Seattle performer Christian Swenson blends song, dance and mime — and sheds a new light on all three in the process.

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There may not be a name for what Christian Swenson does — but there’s no denying that he does it remarkably well. And his new solo show, “Body of Music,” offers a perfect opportunity to watch him doing it.

Swenson describes his stage actions as “human jazz.” His only instrument is his body, but “body” doesn’t quite do justice to all the moves and sounds in Swenson’s repertoire. Blurring the boundaries between song, dance and mime, he casts a strangely sculpting light on all three activities, trilling a note with a flutter of his fingers or stretching it out with a gorilla-wide extension of his arms.

With Swenson, body is tuned to voice and voice is tuned to body in ways that make them seem one protean unit. His pleasing baritone, if delivered straight, would sit nicely in any traditional musical setting. But Swenson is after something more. He seems at times to have a whole little orchestra in the caverns of his throat, issuing sounds that his arms, legs and feet shape or translate or hand off into the ether. Notes get bounced like basketballs — or lobbed like yo-yos.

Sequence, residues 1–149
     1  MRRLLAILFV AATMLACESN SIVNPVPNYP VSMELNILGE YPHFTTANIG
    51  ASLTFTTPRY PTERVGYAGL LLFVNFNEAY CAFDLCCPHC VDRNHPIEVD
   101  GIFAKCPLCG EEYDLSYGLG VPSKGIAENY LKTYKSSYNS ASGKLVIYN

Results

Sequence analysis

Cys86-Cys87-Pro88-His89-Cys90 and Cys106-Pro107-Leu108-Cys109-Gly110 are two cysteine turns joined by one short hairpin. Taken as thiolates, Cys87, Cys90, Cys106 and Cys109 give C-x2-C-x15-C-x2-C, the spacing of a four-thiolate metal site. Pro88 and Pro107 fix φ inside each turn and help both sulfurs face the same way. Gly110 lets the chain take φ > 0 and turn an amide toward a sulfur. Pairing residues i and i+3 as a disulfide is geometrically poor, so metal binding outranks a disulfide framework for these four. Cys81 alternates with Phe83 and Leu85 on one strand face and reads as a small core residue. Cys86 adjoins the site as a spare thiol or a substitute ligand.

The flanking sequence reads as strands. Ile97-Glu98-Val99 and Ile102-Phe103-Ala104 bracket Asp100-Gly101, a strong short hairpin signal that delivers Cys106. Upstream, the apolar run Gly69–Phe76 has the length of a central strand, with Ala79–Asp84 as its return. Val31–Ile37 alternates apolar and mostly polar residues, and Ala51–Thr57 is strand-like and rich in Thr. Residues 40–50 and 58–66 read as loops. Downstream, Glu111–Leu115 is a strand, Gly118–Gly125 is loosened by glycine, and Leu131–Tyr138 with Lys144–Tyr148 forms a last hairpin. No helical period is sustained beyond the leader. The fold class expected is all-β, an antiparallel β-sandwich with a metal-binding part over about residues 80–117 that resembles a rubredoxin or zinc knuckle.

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He likes to strike gospel notes or take the abstracted sounds of conversational rhythms and parlay them into percussive patterns. Often he seems to be channeling invisible presences as he explores minor-key modes in which the melismatic ripplings of his voice induce a trancelike effect in his listeners. Or maybe he’s just recalling a long-ago musical tour through the Balkans.

He does sometimes break into recognizable songs — “Stormy Weather” and “I Am a Pilgrim” are two examples — toying with timbre and melody before introducing the actual lyrics. He also has an uncanny way of becoming his own backup combo, doing “instrumental solos” while the “singer” takes a break.

And then there are his occasional comments: “It’s different because it’s music that’s got feet, you see.”

Yep, that’s it.

In a performance of “Body of Music” earlier this month, Swenson closed with some spoken-word material — good as far as these things go. But it’s the whole package of sound, moves and expression that makes him one of a kind. If you’ve never seen him, here’s a chance to add a completely new kind of performance to your theater experience.

Michael Upchurch:

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